I will come back to this later.

Thinking About Clearing Space in the Studio

Sunset. Another day goes by and I have done little to get rid of things. A gallery is closing and I will get the works back that did not sell. More things piling up. I need to make some decisions here.  One of the problems is when you work in “mixed media” everything has potential.

This is the latest of the boats done for an exhibition in March.

It is bigger than the last one. And instead of having a bell that rings in a memory carried in the anchor, this one has several jingling bells in the hold. Just rock back and forth and you can hear them. The passenger is safely tucked inside wondering what to recall next.

His attic is full of stories….his and others. The rocks are the important thing here. Images of them on the boat as well as the house’s footings. And those that create a path along the deck of the boat. Here is where they came from.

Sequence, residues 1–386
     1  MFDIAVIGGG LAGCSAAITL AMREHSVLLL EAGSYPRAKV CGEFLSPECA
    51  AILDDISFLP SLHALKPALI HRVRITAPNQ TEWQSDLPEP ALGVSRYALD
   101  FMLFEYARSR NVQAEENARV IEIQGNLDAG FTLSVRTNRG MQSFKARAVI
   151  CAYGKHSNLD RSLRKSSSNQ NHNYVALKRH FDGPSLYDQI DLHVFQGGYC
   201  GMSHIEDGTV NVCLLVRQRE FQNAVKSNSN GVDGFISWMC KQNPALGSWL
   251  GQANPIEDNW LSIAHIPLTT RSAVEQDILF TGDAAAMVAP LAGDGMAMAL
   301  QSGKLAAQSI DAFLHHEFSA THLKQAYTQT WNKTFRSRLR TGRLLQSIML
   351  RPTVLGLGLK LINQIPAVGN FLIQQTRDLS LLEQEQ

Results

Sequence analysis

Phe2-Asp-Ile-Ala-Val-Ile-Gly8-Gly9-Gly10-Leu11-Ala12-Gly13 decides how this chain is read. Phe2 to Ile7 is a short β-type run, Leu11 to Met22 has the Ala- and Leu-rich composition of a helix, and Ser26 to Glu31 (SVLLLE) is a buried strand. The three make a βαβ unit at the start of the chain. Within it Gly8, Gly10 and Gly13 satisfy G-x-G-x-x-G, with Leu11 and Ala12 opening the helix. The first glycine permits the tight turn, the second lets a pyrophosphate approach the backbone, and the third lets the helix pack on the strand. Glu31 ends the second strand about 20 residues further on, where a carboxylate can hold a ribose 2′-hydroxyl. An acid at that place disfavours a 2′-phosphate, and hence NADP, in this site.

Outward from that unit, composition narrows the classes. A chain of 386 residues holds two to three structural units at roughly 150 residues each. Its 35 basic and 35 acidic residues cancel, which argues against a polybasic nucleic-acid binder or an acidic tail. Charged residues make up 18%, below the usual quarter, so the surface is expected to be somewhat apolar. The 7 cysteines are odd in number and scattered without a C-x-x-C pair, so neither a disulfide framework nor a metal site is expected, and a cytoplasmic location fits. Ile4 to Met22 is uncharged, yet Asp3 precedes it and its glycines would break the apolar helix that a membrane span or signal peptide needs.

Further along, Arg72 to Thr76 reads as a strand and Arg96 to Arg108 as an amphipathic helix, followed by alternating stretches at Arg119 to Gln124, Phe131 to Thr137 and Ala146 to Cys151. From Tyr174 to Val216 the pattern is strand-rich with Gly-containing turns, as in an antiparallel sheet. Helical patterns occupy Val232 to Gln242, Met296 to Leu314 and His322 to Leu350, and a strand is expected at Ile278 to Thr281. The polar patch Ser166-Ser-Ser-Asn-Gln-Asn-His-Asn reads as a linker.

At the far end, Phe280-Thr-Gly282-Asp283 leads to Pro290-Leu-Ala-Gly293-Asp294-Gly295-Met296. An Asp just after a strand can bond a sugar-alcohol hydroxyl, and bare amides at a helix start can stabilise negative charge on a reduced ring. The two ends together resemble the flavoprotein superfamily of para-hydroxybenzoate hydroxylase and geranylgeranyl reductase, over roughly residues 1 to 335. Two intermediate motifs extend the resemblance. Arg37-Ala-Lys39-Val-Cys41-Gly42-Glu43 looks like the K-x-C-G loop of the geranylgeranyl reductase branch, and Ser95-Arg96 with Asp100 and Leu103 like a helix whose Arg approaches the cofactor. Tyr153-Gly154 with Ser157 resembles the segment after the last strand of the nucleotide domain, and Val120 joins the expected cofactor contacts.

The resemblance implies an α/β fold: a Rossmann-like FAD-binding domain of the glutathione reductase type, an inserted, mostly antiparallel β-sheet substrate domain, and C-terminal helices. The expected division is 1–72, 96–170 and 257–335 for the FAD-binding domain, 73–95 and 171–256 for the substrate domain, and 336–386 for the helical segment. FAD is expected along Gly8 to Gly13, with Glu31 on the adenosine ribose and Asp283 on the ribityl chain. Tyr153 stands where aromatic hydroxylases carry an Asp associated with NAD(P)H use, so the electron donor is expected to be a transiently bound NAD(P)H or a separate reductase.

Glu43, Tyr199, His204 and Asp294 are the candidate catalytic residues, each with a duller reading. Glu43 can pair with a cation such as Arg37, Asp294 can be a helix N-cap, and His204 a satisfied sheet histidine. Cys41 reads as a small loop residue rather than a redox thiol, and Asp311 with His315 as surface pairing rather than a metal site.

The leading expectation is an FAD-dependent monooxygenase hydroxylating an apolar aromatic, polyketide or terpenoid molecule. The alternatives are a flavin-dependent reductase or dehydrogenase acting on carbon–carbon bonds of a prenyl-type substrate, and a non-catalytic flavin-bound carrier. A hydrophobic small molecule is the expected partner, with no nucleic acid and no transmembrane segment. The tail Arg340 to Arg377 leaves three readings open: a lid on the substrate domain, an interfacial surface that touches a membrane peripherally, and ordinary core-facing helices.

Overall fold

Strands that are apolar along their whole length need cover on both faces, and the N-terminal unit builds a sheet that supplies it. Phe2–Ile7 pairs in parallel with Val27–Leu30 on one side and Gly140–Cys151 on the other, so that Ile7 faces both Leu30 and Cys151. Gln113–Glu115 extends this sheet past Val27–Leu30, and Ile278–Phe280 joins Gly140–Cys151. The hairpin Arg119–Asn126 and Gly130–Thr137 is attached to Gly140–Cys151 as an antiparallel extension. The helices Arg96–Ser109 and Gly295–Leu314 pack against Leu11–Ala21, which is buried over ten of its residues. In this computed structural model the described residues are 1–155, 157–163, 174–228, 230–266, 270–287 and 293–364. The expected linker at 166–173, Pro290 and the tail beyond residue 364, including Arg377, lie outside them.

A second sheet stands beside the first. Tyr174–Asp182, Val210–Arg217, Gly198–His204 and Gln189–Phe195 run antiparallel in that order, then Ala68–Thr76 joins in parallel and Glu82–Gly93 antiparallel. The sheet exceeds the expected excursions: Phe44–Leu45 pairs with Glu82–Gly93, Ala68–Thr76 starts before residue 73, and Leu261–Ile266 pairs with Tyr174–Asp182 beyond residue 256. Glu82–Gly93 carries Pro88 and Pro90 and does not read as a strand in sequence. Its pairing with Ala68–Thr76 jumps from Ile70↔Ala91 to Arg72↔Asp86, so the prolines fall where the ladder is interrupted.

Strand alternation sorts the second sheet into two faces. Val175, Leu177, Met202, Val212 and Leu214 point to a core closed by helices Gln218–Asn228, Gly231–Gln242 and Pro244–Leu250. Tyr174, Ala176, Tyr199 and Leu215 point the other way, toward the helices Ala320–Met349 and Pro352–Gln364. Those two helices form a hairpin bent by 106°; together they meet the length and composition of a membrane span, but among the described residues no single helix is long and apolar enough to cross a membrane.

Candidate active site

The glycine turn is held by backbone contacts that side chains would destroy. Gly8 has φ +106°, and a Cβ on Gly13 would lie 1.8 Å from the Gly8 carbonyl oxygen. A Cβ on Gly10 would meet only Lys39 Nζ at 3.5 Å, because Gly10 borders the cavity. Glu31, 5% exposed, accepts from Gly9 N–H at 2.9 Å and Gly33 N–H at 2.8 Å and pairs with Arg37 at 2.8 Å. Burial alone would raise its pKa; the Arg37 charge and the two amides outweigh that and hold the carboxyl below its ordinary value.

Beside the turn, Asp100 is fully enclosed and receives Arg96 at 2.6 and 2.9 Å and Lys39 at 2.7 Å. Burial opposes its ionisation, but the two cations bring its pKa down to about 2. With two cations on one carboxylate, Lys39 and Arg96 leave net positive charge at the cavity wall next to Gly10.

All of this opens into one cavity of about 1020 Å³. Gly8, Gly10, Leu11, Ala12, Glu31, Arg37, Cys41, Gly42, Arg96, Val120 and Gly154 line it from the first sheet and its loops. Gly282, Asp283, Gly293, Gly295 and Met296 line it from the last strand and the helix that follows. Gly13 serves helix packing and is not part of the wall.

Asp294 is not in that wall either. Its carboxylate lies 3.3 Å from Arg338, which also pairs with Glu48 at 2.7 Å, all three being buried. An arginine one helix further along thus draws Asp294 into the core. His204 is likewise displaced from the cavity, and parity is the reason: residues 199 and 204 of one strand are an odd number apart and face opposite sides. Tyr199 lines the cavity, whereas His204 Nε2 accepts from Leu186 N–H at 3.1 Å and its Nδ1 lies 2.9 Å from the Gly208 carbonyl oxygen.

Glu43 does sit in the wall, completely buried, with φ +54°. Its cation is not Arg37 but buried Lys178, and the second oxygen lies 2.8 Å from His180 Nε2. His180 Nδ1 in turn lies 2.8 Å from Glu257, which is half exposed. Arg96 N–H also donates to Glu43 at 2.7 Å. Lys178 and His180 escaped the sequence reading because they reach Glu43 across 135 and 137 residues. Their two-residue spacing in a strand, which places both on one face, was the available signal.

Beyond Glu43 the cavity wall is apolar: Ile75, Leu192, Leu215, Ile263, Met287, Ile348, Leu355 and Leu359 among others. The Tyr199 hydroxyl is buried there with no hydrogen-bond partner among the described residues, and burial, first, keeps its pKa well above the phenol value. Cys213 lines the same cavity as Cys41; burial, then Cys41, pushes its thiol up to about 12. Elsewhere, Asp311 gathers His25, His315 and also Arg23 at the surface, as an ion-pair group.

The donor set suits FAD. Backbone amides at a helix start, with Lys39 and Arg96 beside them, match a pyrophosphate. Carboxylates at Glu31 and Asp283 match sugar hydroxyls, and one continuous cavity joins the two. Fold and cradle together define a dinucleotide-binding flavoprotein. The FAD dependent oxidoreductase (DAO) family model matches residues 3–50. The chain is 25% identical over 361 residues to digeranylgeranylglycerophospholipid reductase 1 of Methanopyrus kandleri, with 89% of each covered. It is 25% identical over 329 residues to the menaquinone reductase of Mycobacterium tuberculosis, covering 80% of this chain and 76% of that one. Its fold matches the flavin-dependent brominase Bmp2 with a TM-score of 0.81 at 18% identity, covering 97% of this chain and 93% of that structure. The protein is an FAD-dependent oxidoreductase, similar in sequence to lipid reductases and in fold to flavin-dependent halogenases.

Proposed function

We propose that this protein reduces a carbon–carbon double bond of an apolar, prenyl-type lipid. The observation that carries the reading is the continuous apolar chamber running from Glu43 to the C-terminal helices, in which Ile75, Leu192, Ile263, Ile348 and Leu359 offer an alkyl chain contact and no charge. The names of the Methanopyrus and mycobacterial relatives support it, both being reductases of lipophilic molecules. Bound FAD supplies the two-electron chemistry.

It is an old cigar box with stones that I collected from a dear friend’s driveway in a town where we raised our children. Pacia lived to be almost 100 years old and I would stay in her house ( a converted train station) every time I went back “home”. One day I simply had a need to take a bit of the place with me. I have dipped into this box often.

Also in there are scraps of sandpaper the men taking wood working classes would give me when I was teaching at Arrowmont. I like those bits of used sandpaper. I like the sound of them. I like how they are supposed to smooth things over while irritating the heck out of it


Here are some of the stones as well as the sand papers in my tai chi figures. There are fourteen of them that take their poses as their burdens get less and less in each one. Here is the first one of the series in an earlier work. Now they just march along a wall in the studio reminding me to take the “focus breath”. I should pay attention.

The shot into the shoulder has helped and I will be able to get back to doing my tai chi and yoga stretches. I do them here in the studio and not in a class setting. That was only to learn the moves and the breathing.